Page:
2013 Subaru XV Crosstrek: The Way Around Cliche

As I thanked and reluctantly said goodbye to my hosts after driving the 2013 Subaru XV Crosstrek on the north shore of Oahu, Hawaii, I came to a grateful conclusion: it all could have been so cliched, but it wasn’t.

On my drive to Honolulu International Airport, inbound traffic was moderate and moving well. Afternoon rush traffic headed out of the city was thick and stagnant. Among the masses were lime-green tour buses full of pasty, puffy tourists, their faces pressed against the glass in unison, looking where told, when told. I imagined them being herded from one artificial experience to another, culminating with a lackluster luau. And when it was all over, they wouldn’t fly home to Subarus, I was pretty sure of it.

Too bad. Reaching showrooms soon, the XV Crosstrek joins the compact crossover game and could very well rewrite the rules. Like the former Outback Sport, the XV Crosstrek is based on the Impreza, though this effort is far more butch.

Unique body cladding and several model-specific panels ride atop a hiked-up chassis with an impressive 8.7-inches of ground clearance and 17-inch silver-on-black alloy wheels at the corners. Under the hood, Subaru’s 2.0-liter boxer engine is on duty with 148 horsepower at 6200 rpm and 145 pound-feet of torque at 4200 rpm. It’s no tire-shredder, but it’s up to the challenge.

Inside, that trademark boxer engine snarl is subdued, as are tire and wind noise. The spacious cabin isn’t as extroverted as the exterior, and that’s perfectly fine. Ergonomics are excellent in the front and rear seats, with thoughtful drink and storage recesses throughout.

Subaru didn’t ignore past grumbles about interior finishes and materials when it redesigned the Impreza. Likewise, the XV Crosstrek benefits. It’s still no bespoke Rolls-Royce, but remarkably few Rolls owners transport slobbering dogs, rusty antiques or muddy mountain bikes. Nor can they fold their rear seats for up to 51.9 cubic feet of space. In other words, the Subie is a pleasant place to be, yet still stands up to active lifestyles.

I stayed fairly active, rowing the five-speed manual gearbox — standard in 2.0i Premium trim only — for which Subaru revised first- and fifth-gear ratios. Believe it: off-road driving on Kualoa Ranch revealed long throws between first and second, and difficulty settling on one gear and a sweet spot for trail speed. It was either a matter of revving high or bogging down. In fairness, I am accustomed to a six-speed manual in my daily driver. On the plus side, incline start assist was appreciated and the gearing proved much less an issue on gentler grades and pavement.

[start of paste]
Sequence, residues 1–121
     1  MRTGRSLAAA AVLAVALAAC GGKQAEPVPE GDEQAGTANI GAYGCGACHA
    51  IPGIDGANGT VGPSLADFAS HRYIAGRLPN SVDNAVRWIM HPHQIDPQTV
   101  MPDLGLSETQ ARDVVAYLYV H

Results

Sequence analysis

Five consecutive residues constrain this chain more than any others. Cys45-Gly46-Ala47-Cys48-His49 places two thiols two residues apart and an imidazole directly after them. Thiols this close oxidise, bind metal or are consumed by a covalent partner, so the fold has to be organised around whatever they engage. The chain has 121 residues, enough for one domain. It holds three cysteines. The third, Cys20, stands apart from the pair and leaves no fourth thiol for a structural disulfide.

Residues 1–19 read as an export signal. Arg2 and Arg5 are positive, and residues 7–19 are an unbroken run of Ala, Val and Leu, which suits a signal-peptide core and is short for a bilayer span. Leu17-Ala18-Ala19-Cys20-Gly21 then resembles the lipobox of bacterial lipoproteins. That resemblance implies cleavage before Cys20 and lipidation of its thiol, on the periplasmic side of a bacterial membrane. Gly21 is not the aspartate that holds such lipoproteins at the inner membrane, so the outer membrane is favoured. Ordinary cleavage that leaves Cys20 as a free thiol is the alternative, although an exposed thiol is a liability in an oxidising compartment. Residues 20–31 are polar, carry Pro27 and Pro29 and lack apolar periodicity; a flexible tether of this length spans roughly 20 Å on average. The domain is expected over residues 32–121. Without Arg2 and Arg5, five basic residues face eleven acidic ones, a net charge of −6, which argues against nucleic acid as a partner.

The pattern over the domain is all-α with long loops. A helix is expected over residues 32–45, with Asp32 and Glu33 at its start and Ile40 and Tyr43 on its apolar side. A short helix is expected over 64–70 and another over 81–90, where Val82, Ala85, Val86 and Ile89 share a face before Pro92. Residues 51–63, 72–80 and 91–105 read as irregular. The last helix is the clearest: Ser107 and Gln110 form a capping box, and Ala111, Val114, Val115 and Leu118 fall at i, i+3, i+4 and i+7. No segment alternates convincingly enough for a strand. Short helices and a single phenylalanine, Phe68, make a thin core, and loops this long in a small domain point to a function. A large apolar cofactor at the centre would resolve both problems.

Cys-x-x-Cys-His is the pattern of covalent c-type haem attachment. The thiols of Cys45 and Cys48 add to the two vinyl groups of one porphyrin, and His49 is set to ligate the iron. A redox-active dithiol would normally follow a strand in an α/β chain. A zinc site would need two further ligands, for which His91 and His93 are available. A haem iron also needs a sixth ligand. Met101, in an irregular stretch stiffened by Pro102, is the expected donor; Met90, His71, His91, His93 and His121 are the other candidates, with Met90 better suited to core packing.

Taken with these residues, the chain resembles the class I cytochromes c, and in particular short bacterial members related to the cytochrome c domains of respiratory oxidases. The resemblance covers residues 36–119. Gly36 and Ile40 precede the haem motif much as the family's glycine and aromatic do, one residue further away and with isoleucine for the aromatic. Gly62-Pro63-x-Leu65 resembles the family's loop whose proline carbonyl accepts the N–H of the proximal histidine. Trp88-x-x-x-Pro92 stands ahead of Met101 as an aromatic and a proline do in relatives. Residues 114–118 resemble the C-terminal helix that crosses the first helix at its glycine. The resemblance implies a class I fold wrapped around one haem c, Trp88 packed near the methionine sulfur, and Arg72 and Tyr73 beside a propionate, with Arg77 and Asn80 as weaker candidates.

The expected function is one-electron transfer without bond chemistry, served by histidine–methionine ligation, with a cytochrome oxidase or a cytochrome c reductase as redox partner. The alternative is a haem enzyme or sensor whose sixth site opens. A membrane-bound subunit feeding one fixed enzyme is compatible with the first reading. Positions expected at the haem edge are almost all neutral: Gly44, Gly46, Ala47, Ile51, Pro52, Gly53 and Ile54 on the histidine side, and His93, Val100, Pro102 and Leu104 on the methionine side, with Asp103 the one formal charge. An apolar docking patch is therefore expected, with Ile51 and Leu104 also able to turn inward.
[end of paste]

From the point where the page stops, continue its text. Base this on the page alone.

Optional for 2.0i Premium models and the sole choice in the 2.0i Limited package is a CVT automatic. Its paddle shifters can emulate six gears when called upon for enthusiastic spurts, passing, or off-roading. I found it the better all-around choice. It’s surprisingly smooth and efficient, whether crawling over rocks and mud or accelerating onto the highway. On top of that, EPA figures echo Subaru’s estimates of higher fuel economy with CVT cars (25 mpg city/33 highway) than those with conventional stick shifts (23/30).

On an economically random note, the little nubs at the tail end of the roof rails are there for a reason. Subaru engineers found they add one mpg. Now you know.

Either way, symmetrical all-wheel drive is standard, though CVT cars are paired with a more sophisticated system. Both are seamless in operation; neither give you drama when conditions get dicey. The test cars’ all-season Yokohama tires delivered a reasonable compromise of comfort, grip and noise on all surfaces.

So it’s great off-road, but what about the open road?

In paradise, “open road” is a relative term. In contrast to car chases depicted on the updated Hawaii Five-O (or if you’re of a certain age, the original), most of the outlying streets and highways I covered were saddled with 35- or 45-mph speed limits, though I did cover a blistering 60-mph stretch on Interstate H-1. The few twisty sections and hard acceleration attempts I could manage found the XV Crosstrek to be no threat to its BRZ and WRX kin, but still willing to play along. Boasting the lowest center of gravity in its class, responsiveness felt sharper than other crossovers. More than once, I underestimated its cornering stability, exiting apexes to realize I could’ve taken the curve a good 10 mph faster.

Pricing for this four-wheeled Swiss Army knife has yet to be finalized. Anticipate $21,995 for 2.0i Premium spec and the five-speed manual. The XV Crosstrek is impressively equipped as-is, so options will be limited to transmission, moonroof, and navigation packages. For 2.0i Limited models, the price of admission will be nominally higher, as are the appointments. CVT, leather seats, rear vision camera, and upgraded stereo are some of the highlights. In this guise, moonroof and nav are offered together.

Even with Subaru sales at record levels and the XV Crosstrek only likely to help, I still can’t imagine those bus-bound tourists rushing to their dealers back home. Fine. Let them settle for the cliched experience. For the rest of us, the 2013 Subaru XV Crosstrek is a must to test-drive.

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